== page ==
Sustainability Analysis of Cryptocurrencies Based on Projected Return on Investment and Environmental Impact
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CitationMARTYNOV, OLGA. 2020. Sustainability Analysis of Cryptocurrencies Based on Projected Return on Investment and Environmental Impact. Master's thesis, Harvard Extension School.
AbstractCutting edge technology behind cryptocurrency can revolutionize payment systems and transform the global economy. However, data shows cryptocurrencies major limitation, such as the significant energy consumption due to the high computing power requirement (De Vries, 2018). Moreover, recent study published in Nature claims that increasing carbon dioxide emissions from Bitcoin mining alone could lead to a 2° C increase in global mean average temperatures within 30 years (CRS, 2019). The definition of the circumstances under which cryptocurrencies evolution could be beneficial, or scenarios when it becomes a dramatic burden on society is needed. This research aims to estimate cryptocurrencies’ benefits by comparing its market value against its electric costs and associated social and environmental externalities in ten years from now.
My research examines cryptocurrencies true profitability through cost-benefit analysis and evaluates its environmental footprint, utilizing a range of scenarios and various models. To address my research questions, I test two hypotheses. First, if cryptocurrencies’ adoption rate follows the broadly used technologies growth pattern scenario, then in ten years, cryptocurrency’s mining will require more electricity than consumed by the entire United States in 2018. Secondly, if the penetration of renewable energy into the electricity supply mix used by mining remains at current levels, I project that cryptocurrencies’ fossil fuels consumption growth will lead to carbon dioxide emissions reaching 2018 United States CO2 emissions mark (5,269MMmt) (EIA, 2019).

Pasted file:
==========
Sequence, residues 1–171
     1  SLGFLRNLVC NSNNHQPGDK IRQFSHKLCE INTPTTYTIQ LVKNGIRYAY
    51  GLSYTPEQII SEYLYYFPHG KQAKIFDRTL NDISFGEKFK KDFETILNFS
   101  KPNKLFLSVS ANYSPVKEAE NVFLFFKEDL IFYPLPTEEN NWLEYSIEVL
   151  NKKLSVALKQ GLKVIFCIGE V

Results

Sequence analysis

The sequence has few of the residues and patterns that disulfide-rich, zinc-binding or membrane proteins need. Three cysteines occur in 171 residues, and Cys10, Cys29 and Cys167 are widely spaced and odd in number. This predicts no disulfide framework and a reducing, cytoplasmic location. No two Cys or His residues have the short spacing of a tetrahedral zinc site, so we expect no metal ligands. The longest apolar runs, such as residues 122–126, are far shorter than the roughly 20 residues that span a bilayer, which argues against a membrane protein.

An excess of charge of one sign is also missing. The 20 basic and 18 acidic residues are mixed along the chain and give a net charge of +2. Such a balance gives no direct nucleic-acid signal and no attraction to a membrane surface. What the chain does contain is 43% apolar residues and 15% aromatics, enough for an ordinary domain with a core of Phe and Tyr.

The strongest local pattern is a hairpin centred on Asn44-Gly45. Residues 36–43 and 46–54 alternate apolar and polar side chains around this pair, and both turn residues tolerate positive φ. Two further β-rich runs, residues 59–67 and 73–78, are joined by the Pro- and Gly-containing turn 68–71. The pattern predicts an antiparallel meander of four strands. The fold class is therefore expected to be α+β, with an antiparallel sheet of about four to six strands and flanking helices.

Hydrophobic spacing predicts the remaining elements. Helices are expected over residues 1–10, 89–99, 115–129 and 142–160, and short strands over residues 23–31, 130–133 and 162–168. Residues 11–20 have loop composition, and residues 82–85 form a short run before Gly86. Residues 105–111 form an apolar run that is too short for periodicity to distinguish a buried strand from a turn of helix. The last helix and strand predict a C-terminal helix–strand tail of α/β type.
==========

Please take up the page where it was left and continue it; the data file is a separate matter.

The findings of this study show that by 2028, amount of cryptocurrencies market value needed to support economic activities will expand from current $240 billion to a range between 2.4 trillion USD to 2.9 trillion USD. The rising electricity requirements to produce cryptocurrencies could lead to likely electricity consumption of 293TWh (equivalent to 1 % of US energy consumed in 2018). This electricity consumption level would generate electricity costs ranging between 23 to 57 billion USD per year and carbon emissions ranging between 53 to 63.6 MtCO2.
The research results do not suggest that cryptocurrency is “burning down the planet”, but the negative externalities identified in the research should be considered. For example, the results illustrate a scenario where each 1 USD of cryptocurrency coin value created would be responsible for 0.66 UDS in health and climate damages. The externalities discussed in this study can be valuable for the development of standards around disclosure practices and in setting the right rules concerning adoption of blockchain and encrypted currencies.
Citable link to this pagehttps://nrs.harvard.edu/URN-3:HUL.INSTREPOS:37365412
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